Beppu bamboo craft is the great basket making the most of bamboo


Beppu Bamboo Weaving, a renowned art craft

Beppu bamboo crafts are produced in and around Beppu City, Oita Prefecture. Bamboo products have been made since ancient times in Oita Prefecture, where a large amount of high quality bamboo is harvested. This traditional craft is made mainly from Madake, a type of bamboo produced in the prefecture. There are various products made from Madake in Japana, such as Osaka Kongo Sudake, Katsuyama Bamboo craft, or Akita Oke/Taru, all of which are slightly different from each other along with the nature of Madake growing in each region.

Beppu Bamboo craft’s manufacturing method has been preserved for many years, and in 1979, it was designated as a traditional craft by the Minister of Economy, Trade and Industry. Beppu bamboo crafts can be classified into more than 200 different weaving techniques, but the main basic techniques are “four-piece weaving,” “six-piece weaving,” “eight-piece weaving,” “Ajiro weaving,” “Gozame weaving,” “Matsuba weaving,” “Kiku-zoko weaving,” and “Rinko”.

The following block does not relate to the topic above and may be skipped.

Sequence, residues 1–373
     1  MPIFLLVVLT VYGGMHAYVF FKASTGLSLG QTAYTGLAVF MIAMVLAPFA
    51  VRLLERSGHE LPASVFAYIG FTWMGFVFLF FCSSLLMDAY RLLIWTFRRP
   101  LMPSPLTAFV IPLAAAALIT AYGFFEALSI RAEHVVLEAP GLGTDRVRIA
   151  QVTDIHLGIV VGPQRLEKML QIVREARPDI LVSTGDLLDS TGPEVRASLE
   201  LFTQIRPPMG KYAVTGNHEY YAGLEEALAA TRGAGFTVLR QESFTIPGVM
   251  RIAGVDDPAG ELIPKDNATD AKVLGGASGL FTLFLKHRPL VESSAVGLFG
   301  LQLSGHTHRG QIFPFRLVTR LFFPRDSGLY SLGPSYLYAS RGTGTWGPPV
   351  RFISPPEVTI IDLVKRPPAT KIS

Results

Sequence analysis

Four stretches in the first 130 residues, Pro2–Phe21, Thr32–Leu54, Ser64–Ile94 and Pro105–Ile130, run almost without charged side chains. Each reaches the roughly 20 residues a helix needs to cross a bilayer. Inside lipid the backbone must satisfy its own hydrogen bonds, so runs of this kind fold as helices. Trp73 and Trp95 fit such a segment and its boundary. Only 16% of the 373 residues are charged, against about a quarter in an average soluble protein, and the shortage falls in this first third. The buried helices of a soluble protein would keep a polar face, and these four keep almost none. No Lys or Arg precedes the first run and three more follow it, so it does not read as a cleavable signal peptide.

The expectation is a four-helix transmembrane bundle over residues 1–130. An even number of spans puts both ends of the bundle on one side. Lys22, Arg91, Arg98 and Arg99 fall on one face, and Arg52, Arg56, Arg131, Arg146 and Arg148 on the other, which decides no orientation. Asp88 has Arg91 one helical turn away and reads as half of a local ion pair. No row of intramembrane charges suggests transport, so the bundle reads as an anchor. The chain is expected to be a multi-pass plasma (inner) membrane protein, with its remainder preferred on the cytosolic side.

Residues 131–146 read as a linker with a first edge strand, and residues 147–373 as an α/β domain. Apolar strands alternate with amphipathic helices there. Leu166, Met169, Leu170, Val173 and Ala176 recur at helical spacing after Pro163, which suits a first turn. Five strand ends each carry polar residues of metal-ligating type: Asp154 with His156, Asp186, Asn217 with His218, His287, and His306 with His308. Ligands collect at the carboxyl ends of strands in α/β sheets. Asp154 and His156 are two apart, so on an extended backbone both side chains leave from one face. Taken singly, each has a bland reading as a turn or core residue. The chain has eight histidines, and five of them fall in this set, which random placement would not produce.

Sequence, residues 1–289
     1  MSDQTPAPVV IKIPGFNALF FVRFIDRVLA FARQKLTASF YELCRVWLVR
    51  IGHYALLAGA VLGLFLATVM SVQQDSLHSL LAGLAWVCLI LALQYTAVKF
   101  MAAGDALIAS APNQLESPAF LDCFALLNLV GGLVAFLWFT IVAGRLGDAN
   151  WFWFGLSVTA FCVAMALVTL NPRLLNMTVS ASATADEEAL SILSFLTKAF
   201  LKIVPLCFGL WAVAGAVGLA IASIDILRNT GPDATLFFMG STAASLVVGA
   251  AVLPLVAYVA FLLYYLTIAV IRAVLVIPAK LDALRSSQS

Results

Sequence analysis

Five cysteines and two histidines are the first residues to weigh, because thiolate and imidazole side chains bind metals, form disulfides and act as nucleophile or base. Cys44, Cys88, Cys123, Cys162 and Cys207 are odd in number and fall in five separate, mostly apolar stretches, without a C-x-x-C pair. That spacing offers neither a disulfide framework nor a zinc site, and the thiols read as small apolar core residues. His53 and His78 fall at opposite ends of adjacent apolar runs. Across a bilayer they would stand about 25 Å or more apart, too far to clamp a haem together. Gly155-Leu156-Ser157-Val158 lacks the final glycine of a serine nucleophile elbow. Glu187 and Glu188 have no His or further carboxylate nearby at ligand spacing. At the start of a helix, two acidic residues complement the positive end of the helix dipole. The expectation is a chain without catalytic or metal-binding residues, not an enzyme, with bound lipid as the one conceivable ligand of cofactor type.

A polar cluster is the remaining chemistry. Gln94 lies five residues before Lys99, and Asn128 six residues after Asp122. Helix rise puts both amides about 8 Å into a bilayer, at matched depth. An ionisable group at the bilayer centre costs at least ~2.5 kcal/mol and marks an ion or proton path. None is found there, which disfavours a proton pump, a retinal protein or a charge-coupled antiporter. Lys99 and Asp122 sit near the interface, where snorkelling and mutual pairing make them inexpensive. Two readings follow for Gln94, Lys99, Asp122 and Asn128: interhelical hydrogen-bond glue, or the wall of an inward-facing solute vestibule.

Beppu bamboo craft

History of Beppu Bamboo Craft

Beppu bamboo crafts have a long history and are said to have started in the Muromachi period (1333-1573). In the Meiji Era (1868-1912), the industry became a regional industry, and measures were taken to train technicians and promote the industry. Since then, products with value as arts and crafts, rather than mere souvenirs, have been actively produced.

Like other traditional crafts, Beppu bamboo crafts were swallowed by the wave of rapid economic growth and lost demand to inexpensive plastic products. In 1967, Beppu bamboo craftsman Shounsai Ikuno became the first bamboo craftsman to be designated a Living National Treasure. In 1979, the Ministry of International Trade and Industry (now the Ministry of Economy, Trade and Industry) designated Beppu bamboo crafts as a “traditional craft.

Manufacturing Method & Process


1. Cutting and oil removal

Good quality bamboo that is 3 to 4 years old is cut down from the bamboo grove. The cut bamboo is then boiled in water with caustic soda for 15 minutes, and the oil soaked into the bamboo is wiped off.

2. Drying in the sun

When sun-dried, the oil-removed bamboo turns a beautiful ivory color. Bamboo dried in the sun is called “Sarashi-dake,” and producers of bamboo products mainly purchase this Sarashi-dake for their production.

3. Cutting and Rough Splitting

Sun-dried bamboo is cut to the required length using a tool called “Kikuwari”. The raised joints are shaved off, and the bamboo is split in half along the fibers with a bamboo splitting knife. The halves are then split lengthwise and the process called “ara-wari” is repeated. It may sound like a simple process, but it takes about three years to be able to split the bamboo in a straight and well-balanced manner.

4. Stripping